Injuries mount for Dodgers as postseason nears
LOS ANGELES – One by one, these nagging little injuries are creeping up on the Dodgers, and not at a good time.
One game remains in the regular season. The postseason begins on Thursday. The last thing manager Don Mattingly needs to worry about is another injury.
But he's got one.
Maybe there's no reason for concern, but center fielder Matt Kemp – just 11 games into his return from the disabled list – was a late scratch Saturday because of concerns over his left ankle.
Kemp missed 52 games recovering from a sprained ankle and then hamstring soreness before he turned to the active list Sept. 17. But Mattingly said Kemp couldn't get loose after taking batting practice, and the wise course was to sit him down.
"I feel like we're being a little cautious, but he's been playing a lot," Mattingly said. "We've been trying to give him as many at-bats as possible without going too far, and obviously today he had trouble getting loose, so we didn’t want to take any chances."
Kemp wasn't talkative after the Dodgers lost to the Colorado Rockies 1-0, dressing quickly and refusing to take questions from reporters. His only comment: "We'll see tomorrow. Wake up and see how it feels tomorrow."
Injuries, some more serious than others, are gradually mounting.
Outfielder Andre Ethier is in Arizona hitting in a batting cage as he hopes his sore left ankle allows him to run the bases. Shortstop Hanley Ramirez has been playing sporadically as he deals with a nerve issue in his back. Right fielder Yasiel Puig fouled two balls off his left foot Friday night and didn't start Saturday. First baseman Adrian Gonzalez is playing through a sore quadriceps muscle.
Kemp isn't likely to play in Sunday's regular-season finale, leaving the Dodgers with just Carl Crawford in left and Puig in right. So Mattingly has every reason to feel a bit concerned about Kemp.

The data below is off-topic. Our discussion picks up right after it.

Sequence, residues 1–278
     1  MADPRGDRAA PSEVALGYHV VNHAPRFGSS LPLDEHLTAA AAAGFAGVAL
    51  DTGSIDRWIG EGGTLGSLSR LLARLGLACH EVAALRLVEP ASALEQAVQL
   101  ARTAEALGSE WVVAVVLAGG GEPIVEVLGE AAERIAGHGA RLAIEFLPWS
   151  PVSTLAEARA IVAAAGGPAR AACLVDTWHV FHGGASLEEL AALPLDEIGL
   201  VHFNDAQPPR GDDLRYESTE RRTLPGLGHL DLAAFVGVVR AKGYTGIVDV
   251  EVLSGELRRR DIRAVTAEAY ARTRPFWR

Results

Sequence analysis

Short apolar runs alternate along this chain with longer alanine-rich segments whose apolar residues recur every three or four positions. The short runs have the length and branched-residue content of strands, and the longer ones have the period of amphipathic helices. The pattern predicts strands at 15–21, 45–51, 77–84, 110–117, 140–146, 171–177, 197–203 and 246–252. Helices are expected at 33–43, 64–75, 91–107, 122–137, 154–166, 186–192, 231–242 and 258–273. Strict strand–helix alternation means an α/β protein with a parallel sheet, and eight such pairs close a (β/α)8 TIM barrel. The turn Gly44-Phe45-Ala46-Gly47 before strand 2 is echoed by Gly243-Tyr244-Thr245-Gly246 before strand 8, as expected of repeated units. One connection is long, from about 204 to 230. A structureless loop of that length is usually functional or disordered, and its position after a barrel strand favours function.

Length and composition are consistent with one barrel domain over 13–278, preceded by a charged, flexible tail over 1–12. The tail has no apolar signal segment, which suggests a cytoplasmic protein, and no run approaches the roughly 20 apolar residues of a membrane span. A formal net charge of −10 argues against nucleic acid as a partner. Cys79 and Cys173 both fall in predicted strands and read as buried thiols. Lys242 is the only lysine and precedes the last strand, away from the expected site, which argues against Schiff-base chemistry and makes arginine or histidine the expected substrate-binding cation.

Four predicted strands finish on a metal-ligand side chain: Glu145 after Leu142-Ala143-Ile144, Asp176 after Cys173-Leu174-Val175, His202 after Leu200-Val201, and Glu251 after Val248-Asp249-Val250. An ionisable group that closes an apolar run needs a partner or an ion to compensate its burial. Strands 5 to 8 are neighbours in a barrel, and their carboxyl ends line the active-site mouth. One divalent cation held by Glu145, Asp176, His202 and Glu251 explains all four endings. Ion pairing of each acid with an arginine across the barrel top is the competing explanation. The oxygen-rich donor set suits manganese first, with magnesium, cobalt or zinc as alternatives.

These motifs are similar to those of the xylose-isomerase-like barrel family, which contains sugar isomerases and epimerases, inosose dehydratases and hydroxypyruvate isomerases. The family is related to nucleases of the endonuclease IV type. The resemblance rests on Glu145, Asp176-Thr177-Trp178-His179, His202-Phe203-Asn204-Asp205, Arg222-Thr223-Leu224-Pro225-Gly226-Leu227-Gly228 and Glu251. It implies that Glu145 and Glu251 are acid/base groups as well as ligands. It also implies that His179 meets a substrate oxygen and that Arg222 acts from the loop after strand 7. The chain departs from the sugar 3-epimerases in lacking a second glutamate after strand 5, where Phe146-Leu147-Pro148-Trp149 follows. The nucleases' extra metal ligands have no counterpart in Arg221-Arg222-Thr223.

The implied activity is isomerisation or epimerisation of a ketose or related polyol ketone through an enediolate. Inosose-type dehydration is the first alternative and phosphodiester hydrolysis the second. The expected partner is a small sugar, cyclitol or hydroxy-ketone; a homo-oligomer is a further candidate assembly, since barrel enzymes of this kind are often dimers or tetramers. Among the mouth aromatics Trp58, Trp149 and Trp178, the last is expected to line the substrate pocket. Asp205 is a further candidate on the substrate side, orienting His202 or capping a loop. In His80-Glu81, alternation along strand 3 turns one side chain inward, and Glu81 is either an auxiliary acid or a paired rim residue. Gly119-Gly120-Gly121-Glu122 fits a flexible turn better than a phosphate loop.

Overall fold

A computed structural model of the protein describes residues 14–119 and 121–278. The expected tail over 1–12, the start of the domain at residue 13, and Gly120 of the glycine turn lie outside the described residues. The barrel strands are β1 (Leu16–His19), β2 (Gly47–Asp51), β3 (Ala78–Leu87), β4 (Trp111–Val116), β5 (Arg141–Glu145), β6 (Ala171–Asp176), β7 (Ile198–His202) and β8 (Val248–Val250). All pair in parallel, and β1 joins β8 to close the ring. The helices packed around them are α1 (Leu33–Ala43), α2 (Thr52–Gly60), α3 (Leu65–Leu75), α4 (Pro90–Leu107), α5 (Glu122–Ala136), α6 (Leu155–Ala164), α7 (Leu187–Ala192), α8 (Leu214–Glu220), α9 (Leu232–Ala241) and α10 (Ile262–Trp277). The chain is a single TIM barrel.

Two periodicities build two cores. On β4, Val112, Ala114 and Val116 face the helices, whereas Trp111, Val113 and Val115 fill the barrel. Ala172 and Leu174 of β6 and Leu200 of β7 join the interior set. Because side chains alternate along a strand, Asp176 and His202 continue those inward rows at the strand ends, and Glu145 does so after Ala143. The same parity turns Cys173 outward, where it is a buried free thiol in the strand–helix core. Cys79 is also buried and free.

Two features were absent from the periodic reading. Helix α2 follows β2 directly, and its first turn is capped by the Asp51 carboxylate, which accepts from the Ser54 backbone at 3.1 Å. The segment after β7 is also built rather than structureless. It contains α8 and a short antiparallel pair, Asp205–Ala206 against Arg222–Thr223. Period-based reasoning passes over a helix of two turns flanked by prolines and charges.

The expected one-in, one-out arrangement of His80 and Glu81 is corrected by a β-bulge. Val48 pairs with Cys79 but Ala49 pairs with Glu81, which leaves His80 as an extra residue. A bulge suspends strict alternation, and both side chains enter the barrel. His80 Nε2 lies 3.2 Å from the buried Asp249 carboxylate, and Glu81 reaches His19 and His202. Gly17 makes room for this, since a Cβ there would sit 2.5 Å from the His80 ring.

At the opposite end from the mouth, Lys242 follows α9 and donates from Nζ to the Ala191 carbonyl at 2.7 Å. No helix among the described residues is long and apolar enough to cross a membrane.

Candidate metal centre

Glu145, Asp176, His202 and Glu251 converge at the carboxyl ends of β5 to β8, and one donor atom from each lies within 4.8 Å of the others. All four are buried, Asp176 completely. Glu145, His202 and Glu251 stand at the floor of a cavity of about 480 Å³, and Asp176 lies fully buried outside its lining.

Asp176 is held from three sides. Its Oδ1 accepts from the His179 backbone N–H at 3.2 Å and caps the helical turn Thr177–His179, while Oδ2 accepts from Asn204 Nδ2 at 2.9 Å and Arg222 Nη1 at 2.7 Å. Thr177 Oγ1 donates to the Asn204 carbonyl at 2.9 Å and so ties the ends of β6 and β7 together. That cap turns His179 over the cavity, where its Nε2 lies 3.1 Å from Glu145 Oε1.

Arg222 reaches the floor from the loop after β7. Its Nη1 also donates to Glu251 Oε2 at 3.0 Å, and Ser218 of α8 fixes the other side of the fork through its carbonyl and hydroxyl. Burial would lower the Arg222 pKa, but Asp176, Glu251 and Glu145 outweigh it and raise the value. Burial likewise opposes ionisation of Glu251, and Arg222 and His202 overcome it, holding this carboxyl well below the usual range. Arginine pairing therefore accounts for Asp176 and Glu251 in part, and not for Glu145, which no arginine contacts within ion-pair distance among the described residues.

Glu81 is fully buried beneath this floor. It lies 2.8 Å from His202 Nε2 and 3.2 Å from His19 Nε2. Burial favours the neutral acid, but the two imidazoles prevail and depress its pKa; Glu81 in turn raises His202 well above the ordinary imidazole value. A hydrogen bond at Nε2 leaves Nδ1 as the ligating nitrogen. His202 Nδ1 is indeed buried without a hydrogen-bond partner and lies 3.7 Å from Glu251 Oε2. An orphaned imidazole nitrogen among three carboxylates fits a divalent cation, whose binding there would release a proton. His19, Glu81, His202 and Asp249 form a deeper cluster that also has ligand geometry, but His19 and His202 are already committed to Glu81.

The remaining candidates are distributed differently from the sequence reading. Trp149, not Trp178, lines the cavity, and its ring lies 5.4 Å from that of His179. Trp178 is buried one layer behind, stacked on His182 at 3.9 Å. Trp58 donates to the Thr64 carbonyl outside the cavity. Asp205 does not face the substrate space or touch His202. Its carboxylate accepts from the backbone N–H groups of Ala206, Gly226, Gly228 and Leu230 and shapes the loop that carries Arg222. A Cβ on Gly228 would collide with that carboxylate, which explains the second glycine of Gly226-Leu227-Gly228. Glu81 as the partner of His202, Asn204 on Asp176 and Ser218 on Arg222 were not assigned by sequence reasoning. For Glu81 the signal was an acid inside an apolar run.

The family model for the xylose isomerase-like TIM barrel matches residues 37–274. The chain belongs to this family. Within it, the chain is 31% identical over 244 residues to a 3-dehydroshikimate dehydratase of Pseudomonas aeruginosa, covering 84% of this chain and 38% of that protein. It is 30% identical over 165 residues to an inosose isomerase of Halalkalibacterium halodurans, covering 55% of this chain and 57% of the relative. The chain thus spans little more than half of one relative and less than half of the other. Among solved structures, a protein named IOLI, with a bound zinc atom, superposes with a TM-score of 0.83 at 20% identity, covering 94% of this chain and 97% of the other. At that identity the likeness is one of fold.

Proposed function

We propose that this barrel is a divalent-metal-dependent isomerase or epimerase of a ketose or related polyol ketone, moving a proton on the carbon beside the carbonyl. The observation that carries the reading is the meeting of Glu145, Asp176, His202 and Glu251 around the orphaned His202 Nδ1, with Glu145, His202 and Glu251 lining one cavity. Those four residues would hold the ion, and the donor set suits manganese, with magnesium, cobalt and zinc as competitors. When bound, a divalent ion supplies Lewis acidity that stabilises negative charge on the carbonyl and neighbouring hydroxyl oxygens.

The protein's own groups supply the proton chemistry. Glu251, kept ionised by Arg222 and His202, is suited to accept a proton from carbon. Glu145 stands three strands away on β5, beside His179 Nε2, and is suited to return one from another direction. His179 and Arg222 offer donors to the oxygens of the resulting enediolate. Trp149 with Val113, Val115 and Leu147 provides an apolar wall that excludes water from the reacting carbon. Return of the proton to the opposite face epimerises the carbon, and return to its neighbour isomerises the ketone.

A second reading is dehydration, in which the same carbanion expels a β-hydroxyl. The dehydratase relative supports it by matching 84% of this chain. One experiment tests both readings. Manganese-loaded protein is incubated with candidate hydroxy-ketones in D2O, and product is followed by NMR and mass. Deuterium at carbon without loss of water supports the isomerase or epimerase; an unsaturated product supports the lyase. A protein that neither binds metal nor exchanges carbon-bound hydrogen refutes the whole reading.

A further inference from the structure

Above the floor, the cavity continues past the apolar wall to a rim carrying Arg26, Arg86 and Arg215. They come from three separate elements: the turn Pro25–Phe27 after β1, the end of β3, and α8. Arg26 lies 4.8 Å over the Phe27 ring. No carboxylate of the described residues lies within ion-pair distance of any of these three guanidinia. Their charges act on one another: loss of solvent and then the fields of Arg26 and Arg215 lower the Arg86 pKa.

"A little bit, just because of what we've been through," he said. "But I don't know how much good it's going to do me to be all nervous and worried about it. It's not going to help any. I feel like we’re being cautious. I feel like he’s going to be ready to go."
If nothing else, Mattingly can feel content about his pitching. Right-hander Zack Greinke gave up one run in six innings, improving his season ERA to 2.63, and allowed just four hits and no walks. The loss was his first since July 25, leaving him with a 15-4 record.
Greinke and ace Clayton Kershaw are undoubtedly the strength of the Dodgers as they enter the playoffs. Kershaw is expected to win his second Cy Young Award, and Greinke, after starting slowly and missing a month because of a broken clavicle he suffered in a fight with San Diego's Carlos Quentin, went 12-2 over his last 19 starts. In that span, he gave up two earned runs or fewer 16 times.
"He's given us that one-two punch with Clayton," Mattingly said. "He's given us two guys that, when they take the ball, you feel like you're going to win. It's pretty much quality start after quality start."
Greinke was typically low key about his performance, saying, "It’s pretty good. (I'm) executing pitches pretty well. It could be worse, that's for sure."
Given what the Dodgers are enduring now, they don't need worse. They need better -- and fast.